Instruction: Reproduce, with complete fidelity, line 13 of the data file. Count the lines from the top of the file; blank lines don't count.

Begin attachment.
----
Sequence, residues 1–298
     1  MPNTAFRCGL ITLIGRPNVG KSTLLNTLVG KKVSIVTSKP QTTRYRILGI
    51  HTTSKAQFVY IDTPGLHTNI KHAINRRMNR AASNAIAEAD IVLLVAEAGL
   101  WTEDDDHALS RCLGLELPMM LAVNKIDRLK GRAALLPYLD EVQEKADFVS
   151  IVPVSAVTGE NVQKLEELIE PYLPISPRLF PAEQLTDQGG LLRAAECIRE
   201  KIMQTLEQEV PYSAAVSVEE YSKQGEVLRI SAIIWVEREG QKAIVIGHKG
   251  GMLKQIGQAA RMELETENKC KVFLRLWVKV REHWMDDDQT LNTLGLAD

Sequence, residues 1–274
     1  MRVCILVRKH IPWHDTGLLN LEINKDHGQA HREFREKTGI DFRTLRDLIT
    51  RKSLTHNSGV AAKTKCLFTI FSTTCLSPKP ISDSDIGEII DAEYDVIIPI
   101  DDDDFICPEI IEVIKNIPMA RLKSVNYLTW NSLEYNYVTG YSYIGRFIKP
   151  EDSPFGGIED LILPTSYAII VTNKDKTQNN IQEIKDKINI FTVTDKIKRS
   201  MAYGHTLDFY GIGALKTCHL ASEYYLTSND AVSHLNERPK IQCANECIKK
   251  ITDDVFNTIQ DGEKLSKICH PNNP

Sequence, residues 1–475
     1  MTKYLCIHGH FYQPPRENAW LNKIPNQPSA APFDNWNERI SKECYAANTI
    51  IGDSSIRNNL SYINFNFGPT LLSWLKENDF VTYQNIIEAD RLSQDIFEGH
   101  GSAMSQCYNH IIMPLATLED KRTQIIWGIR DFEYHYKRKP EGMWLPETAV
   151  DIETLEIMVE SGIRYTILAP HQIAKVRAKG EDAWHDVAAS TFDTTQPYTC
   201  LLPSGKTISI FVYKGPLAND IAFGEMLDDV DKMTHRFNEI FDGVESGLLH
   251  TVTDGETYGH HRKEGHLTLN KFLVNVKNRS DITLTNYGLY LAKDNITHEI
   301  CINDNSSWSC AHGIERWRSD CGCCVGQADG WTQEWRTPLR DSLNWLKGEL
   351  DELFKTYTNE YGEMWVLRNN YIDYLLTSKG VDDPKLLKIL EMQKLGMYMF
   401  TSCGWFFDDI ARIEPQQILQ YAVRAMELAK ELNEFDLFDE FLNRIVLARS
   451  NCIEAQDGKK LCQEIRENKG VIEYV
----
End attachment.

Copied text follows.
   201  MAYGHTLDFY GIGALKTCHL ASEYYLTSND AVSHLNERPK IQCANECIKK